Rhythms, Rituals, and Roots
I have thought a lot about what I want to share with you in this space. My journey in faith has been a series of ebbs and flows, ups and downs, mountains and valleys. Three things have kept me grounded: rhythms of grace, rituals of the faith, and the roots of my heritage in the church.
I know some of you are already doubting the validity of this column because of my shameless use of alliteration in the title; trust me, I am one of the many who despise sermon titles that all begin with the same letter because they seem *too* perfectly planned. But, contrary to my need to avoid things starting with the same letter, the “R” thing just happened to work for me here - so lets just go with it.
Rhythms keep us in patterns; think breathing in and out, waking up and going to sleep, or the rhythm of people and family in your life. These are daily patterns of grace that God has extended to us. Michael Gungor describes these patterns beautifully:
“I climbed up a lion of rock
There overlooking the swirls of the world
All the shifting of sands that I saw
Conflicting energy giving and taking,
The fluid grace of it all
Billowing shadows of clouds in the sand
While the waves lay down all stretched and taught
Folding and wrinkling back to the source of it all”
We have been given common graces too numerous to count from our Creator - especially the ones we do not see. When my faith seems to falter, coming back to the great rhythm of the creation helps me to see the big picture of what Christ is doing in the world. The flow of the ocean tide, the movement of clouds to rain to ground to vapor and back to clouds again, the circuitous nature of it all. Its beautiful really.
There are also daily graces that God give us within our rhythms. For me, those graces take the form of coffee, music, and trees.
Coffee is my morning grace. Every morning, I weigh out my coffee beans, grind them up, and make a Chemex of some of my favorite beans. I get to smell the coffee immediately after it grinds, take in the complexity, and then enjoy a warm cup of my favorite beverage. It reminds me to slow down and savor life, to be thankful for the small things, and ultimately, as cheesy as it sounds, it points me back to God.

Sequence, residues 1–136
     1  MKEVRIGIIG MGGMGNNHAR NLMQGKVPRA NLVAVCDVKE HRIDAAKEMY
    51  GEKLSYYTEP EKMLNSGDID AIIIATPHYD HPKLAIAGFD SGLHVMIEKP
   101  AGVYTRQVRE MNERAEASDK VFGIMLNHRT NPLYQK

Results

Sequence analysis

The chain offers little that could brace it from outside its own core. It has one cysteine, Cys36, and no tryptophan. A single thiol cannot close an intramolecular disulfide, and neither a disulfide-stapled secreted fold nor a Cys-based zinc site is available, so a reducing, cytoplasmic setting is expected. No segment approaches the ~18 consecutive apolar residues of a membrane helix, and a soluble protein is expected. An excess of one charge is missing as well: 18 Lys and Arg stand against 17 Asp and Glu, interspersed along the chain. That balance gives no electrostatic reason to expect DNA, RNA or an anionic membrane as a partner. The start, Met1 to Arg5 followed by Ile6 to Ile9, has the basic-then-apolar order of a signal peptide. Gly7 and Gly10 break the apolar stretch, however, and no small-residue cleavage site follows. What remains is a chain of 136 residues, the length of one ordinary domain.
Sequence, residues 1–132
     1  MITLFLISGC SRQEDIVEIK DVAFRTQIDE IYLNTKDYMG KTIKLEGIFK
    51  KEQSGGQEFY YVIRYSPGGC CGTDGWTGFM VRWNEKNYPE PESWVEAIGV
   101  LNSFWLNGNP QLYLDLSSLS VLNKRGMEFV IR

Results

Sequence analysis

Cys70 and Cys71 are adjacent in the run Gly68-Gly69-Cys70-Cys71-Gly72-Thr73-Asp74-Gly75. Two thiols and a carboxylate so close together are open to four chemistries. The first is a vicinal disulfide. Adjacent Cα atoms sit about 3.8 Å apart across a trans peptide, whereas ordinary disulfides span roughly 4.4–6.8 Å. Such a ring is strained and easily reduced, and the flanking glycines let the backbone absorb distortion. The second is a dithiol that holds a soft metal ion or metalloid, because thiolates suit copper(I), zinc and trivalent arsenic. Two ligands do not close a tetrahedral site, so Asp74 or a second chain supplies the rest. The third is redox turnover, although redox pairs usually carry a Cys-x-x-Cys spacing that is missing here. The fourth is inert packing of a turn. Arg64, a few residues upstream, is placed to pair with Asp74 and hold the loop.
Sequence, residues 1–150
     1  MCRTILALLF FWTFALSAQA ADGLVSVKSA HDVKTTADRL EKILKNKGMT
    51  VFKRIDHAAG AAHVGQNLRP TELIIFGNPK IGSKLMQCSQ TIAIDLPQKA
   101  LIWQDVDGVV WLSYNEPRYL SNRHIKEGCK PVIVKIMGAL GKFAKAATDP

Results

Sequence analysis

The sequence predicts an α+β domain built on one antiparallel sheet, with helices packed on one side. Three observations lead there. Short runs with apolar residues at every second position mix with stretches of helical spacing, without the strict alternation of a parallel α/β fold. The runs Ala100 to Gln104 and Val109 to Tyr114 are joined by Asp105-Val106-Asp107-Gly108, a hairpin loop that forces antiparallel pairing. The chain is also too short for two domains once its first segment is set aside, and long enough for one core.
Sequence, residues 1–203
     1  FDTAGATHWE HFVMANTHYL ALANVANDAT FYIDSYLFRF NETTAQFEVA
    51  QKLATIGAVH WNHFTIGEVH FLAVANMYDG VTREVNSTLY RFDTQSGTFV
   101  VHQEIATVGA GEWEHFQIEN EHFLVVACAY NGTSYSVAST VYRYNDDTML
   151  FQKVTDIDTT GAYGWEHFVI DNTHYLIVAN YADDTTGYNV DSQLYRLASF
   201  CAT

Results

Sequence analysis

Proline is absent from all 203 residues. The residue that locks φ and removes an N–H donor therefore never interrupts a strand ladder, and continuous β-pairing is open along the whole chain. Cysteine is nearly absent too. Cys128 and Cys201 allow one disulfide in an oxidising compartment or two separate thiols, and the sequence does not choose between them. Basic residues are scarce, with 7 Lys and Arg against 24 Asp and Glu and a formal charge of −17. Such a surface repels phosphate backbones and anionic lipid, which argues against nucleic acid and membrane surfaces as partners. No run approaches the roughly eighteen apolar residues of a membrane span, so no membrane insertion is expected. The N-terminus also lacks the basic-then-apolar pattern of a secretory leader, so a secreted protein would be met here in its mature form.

For some people, these rhythms of grace might include a shared family meal, hanging on a patio with friends, hiking in the woods, swimming in the ocean, or playing with your kids. Anything that invites you back with its beckoning cadence.
These are the patterns of grace in creation - the beauty of God reflected in the great and small. Everything breathing together.
This word can sound stoic, old, and stodgy, but I have recently re-discovered its richness. Ritual, for me, is what grounds us to the church and what we do as the church.
You might think of your worship gathering as new, fresh, and completely devoid of ritual - and you would be absolutely wrong. Everything we experience in the church building is deeply rooted in tradition and rituals from the stage your pastor stands on to the inclusion of song to the pulpit to the way you baptize believers. Ritual has gotten a bad rap among evangelicals, but ritual has beauties and functions: it can serve to ground us to the beliefs we have, even when we are wavering.
Take communion, for example (or the Eucharist, depending on how your grew up). Even if you do not know what you believe in regards to how communion should take place (a topic we will tackle head on at some point in this column), we can all agree that communion serves to bring us closer to Christ through a shared experience in tradition with other believers. It is familiar, and sometimes familiarity is necessary for drawing us back into the family of Christ. That is ritual.
A ritual for me, deeply grounded in my upbringing as a charismatic, is a daily quiet time. Even though I despise this phrase “quiet time” (it makes it sound like a time-out or something), my daily time with the Lord is the most grounding ritual in my life. When I feel disconnected, depressed, or out of sorts, the way I find my path again is through this ritual. Prayer, bible reading, journaling - through up times and down times, this is how I find my way home.
Ritual, in this column, will refer to how we find Christ in traditions as well as what we do, or do not do, as the church. A discussion of ritual might include the expressions and habits of different denominations and how we arrived there or practices of the church and their merits. We might laugh. We might cry. We might let out sighs of joyous surrender as we figure out how we got to where we are as the church - this messy and lovely ride to redemption.
This word perhaps means more to me than anyone else in the world. Roots has been a word deeply tied to my vocation for the last seven years. But more than that, roots remind us of home and heritage. Roots are about where we have been and where we are going, and the journey that takes us all there.
Growing up in a Christian home - homeschooled with a pastor dad - has deeply etched my faith experience. I cannot detach myself from it, nor would I want to. My heritage of family and faith is who I am - the part I did not choose. And I thank God for it.
Throughout discussion of our roots, we can identify why we do the things we do, who our tribe is, and how we need to treasure our background, but also not be afraid to figure out who we are outside of it. You are going to hear my stories of growing up overseas in a tiny charismatic church pastored by my parents, church splits in middle school, and my dire mega-church days. We will talk about the good ol’ Christian music days (DC Talk & MWS, anyone?), homeschool stereotypes, and other things I lived through.
You will also hear the part of my story that is still journeying towards finding out what faith looks like - in light of my rhythms, rituals, and roots.